2.50
Hdl Handle:
http://hdl.handle.net/10755/211659
Type:
Research Study
Title:
EXTENT AND SOURCES OF KNOWLEDGE ABOUT THE NATIONAL CHILDREN'S STUDY
Abstract:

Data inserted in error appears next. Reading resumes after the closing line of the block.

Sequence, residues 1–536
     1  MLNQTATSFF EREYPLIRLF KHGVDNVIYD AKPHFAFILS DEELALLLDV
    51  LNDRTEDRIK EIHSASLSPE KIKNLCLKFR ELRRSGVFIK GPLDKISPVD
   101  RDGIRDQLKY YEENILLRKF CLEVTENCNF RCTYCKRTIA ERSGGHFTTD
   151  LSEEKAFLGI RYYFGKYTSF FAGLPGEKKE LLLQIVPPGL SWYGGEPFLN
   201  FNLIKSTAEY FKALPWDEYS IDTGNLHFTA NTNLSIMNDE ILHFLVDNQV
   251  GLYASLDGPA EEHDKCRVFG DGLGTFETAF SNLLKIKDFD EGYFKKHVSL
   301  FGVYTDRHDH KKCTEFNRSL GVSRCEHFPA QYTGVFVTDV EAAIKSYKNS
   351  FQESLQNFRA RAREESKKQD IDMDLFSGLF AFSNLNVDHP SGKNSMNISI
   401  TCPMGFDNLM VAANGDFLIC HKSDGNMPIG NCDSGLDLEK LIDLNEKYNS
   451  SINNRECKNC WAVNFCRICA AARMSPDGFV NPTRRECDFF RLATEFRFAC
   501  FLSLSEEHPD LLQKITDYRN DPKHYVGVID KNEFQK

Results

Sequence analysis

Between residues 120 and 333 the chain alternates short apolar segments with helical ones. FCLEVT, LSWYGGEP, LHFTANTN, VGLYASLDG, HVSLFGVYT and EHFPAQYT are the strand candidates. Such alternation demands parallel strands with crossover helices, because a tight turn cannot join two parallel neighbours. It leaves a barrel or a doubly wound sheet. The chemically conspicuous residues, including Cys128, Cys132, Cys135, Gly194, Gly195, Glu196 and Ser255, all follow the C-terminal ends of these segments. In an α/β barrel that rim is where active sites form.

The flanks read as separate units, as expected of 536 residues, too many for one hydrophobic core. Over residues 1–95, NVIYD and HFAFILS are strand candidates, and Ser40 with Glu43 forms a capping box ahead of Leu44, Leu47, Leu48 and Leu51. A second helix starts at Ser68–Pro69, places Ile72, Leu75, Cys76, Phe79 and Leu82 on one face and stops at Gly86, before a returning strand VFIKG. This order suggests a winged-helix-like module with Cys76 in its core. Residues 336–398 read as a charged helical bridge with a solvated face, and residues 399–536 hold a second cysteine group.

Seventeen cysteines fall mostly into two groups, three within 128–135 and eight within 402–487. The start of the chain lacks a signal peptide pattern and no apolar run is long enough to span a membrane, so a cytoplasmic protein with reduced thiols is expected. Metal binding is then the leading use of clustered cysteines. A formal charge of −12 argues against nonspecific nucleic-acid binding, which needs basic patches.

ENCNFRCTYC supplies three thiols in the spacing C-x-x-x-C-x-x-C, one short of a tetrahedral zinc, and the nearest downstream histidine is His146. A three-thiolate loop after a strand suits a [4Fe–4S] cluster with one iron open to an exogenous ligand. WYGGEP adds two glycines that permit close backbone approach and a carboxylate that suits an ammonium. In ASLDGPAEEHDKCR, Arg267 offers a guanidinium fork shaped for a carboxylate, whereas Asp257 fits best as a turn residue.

Purpose:  The purpose of this paper is to describe the extent and sources of community members' knowledge about a national, longitudinal, epidemiological study, the National Children's Study (NCS) in Valencia County, New Mexico, after an extensive community outreach and engagement campaign. Background:  The NCS is a prospective cohort study of 100,000 children nationwide who will be followed from before birth until 21 years of age.  The purpose of the observational study is to examine genetic and environmental influences on children’s health and development.  Valencia County, New Mexico (55% Hispanic; 3% American Indian) is one of counties selected using probability-based methods for recruitment and retention of 1,300 pregnant women (1,000 children).  As part of a preliminary sub-study of alternate recruitment strategies for the NCS, women in Valencia County were recruited using door-to-door household contact.   An extensive community outreach and engagement campaign was conducted to increase the probability that families would be willing to open the door to investigators, participate in enumeration, and enroll in the Study. Methods:  The extensive, multi-modal community outreach and engagement campaign involved a locally produced mass media campaign (billboards, printed posters, radio, television, and newspaper); advance mailings to homes; flyers in water bills, local newsletters, and day care backpacks; one-on-one and group meetings; $5 donations to the public schools per household; use of a Community Liaison, and a Community Advisory Council.  Door-to-door recruiters visited households in selected segments of the County and asked residents to complete an enumeration procedure that provided information about household characteristics and composition.  If a woman > or equal to 18 lived in the household, she was asked to complete an interview to determine if she was pregnant or trying to get pregnant and eligible to participate in the Study.  Two of the questions in the interview are:  "Before today, had you heard about the National Children's Study?" (Yes, no, refused, don't know); and "How did you hear about the National Children's Study? (20 specific options, other, refused, and don't know). Results*:  N households were visited in the County, n were enumerated, and n women completed eligibility interviews.  The majority of women (%) completing the interview had heard about the Study although there was some variation over time and across geographic segments visited.  Of those women, the majority (%) had heard about the Study from multiple sources.  Top sources of information about the Study included advanced mailings to households (%), billboards (%), print media (%), radio (%), and television (%). Implications: Outreach and engagement strategies used in this Study were effective in reaching the majority of potential Study participants.  Advanced direct mailing and billboards were the most effective strategies for publicizing information about the Study.  It is anticipated that future recruitment and retention of women and families in the Study will be highly dependent on the success of community outreach and engagement activities.